LEAP joins Issue 3 supporters that include former Cincinnati Police Chief Tom Streicher, the American Civil Liberties Union of Ohio, and the National Organization for the Reform of Marijuana Laws (NORML).

Ohio voters will make a decision on November 3rd, 2015.


Thank you for visiting MDMMCC.com, the premier Medical Marijuana Certification Center in Maryland. Our Mission at the Maryland Medical Marijuana Certification Clinics (MDMMCC) is to provide the certification necessary for qualified patients to obtain Medical Marijuana in compliance with the Maryland Medical Marijuana Laws in the State of Maryland.  MDMMCC will have offices open throughout Maryland.

Pennsylvania Religious Leaders Announce Support for Medical Marijuana Legislation

Pennsylvania Religious Leaders Announce Support for Medical Marijuana Legislation

A diverse group of 60+ clergy members in Pennsylvania have signed a statement urging state lawmakers to adopt a comprehensive medical marijuana law this year

HARRISBURG, PA — A group of Pennsylvania religious leaders announced their support for medical marijuana legislation Wednesday at a news conference in the state capitol.

A diverse group of more than 60 clergy members in Pennsylvania have signed the following statement urging state lawmakers to adopt a comprehensive medical marijuana law this year:

“Across Pennsylvania, there are patients suffering from cancer, multiple sclerosis, ALS, epilepsy, post-traumatic stress disorder, chronic pain, and other debilitating conditions for which medical cannabis has been found to provide significant medical benefits. Some find it to be the most effective way — or, in some cases, the only way — to effectively treat their maladies or the symptoms associated with them. Nobody should have to break the law in order to ease their suffering or that of a loved one.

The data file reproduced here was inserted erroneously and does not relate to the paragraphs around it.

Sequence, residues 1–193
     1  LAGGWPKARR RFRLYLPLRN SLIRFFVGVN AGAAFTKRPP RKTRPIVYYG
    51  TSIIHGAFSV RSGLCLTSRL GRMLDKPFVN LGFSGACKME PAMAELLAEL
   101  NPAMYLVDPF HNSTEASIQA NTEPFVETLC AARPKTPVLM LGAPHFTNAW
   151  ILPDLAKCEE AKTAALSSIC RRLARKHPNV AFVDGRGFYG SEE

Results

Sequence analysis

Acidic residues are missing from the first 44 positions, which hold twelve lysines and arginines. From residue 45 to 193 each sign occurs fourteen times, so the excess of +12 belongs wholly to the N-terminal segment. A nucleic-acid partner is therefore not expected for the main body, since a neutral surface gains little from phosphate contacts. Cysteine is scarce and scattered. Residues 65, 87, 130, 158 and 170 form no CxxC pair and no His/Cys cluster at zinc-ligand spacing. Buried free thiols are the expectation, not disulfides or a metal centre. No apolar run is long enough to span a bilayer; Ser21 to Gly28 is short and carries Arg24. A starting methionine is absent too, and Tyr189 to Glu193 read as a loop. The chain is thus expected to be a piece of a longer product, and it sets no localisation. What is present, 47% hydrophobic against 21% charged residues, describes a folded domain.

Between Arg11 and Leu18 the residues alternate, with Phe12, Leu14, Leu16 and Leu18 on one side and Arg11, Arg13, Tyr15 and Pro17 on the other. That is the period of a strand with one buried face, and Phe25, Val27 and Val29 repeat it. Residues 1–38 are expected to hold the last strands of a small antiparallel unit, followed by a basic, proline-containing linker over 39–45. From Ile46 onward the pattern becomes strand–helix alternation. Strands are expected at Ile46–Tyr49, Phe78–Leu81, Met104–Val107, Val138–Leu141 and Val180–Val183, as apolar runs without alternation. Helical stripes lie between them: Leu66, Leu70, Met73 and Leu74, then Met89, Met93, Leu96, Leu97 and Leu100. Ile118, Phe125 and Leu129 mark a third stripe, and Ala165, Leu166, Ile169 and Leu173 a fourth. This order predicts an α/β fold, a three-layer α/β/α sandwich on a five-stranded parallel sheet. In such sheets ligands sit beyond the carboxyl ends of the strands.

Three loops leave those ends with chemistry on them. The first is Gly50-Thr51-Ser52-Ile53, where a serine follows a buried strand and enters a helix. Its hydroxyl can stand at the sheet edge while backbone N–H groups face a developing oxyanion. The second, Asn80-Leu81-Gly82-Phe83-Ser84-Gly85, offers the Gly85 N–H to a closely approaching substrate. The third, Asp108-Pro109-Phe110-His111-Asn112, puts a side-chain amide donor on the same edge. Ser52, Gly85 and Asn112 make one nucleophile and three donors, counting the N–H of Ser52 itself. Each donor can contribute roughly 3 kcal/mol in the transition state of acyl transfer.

“We cannot remain silent while people in pain and anguish are deprived of a viable, safe, and responsible remedy. While we may practice different faiths and come from different communities, we share the same commitment to improving the broader community through the practice of humanity, healing, mercy, and compassion. That is why, as leaders within our respective communities of faith, we are joining together to encourage the Pennsylvania General Assembly to adopt sensible, comprehensive medical cannabis legislation.”

A list of signers is available at http://www.ClergyForCompassion.com.

The Pennsylvania Senate approved a medical marijuana bill, SB 3, by a vote of 40-7 on May 12, and the issue is awaiting consideration in the House. Gov. Tom Wolf has said he would sign a medical marijuana bill into law.

A Quinnipiac University poll released earlier this month found nine out of 10 Pennsylvania voters support legal access to medical marijuana. Twenty-three states and the District of Columbia have adopted effective medical marijuana laws.

“I have always believed that God calls us to speak for the voiceless, the suffering, and the hurting,” said Pastor Shawn Berkebile of Abbottstown. “There are people suffering right now — in our homes, at our places of work, in line at the grocery store, and sitting in our houses of worship. Medical marijuana is providing hope for the hopeless and I want the lawmakers of Pennsylvania to realize this.”

“Jewish tradition teaches that we have both private and public obligations to heal illness and treat pain,” said Rabbi George Stern, executive director of the Jewish Social Policy Action Network. “The Jewish Social Policy Action Network calls upon the Pennsylvania General Assembly to adopt sensible, comprehensive medical cannabis legislation that will aid thousands of citizens across the state.”


Thank you for visiting MDMMCC.com, the premier Medical Marijuana Certification Center in Maryland. Our Mission at the Maryland Medical Marijuana Certification Clinics (MDMMCC) is to provide the certification necessary for qualified patients to obtain Medical Marijuana in compliance with the Maryland Medical Marijuana Laws in the State of Maryland.  MDMMCC will have offices open throughout Maryland.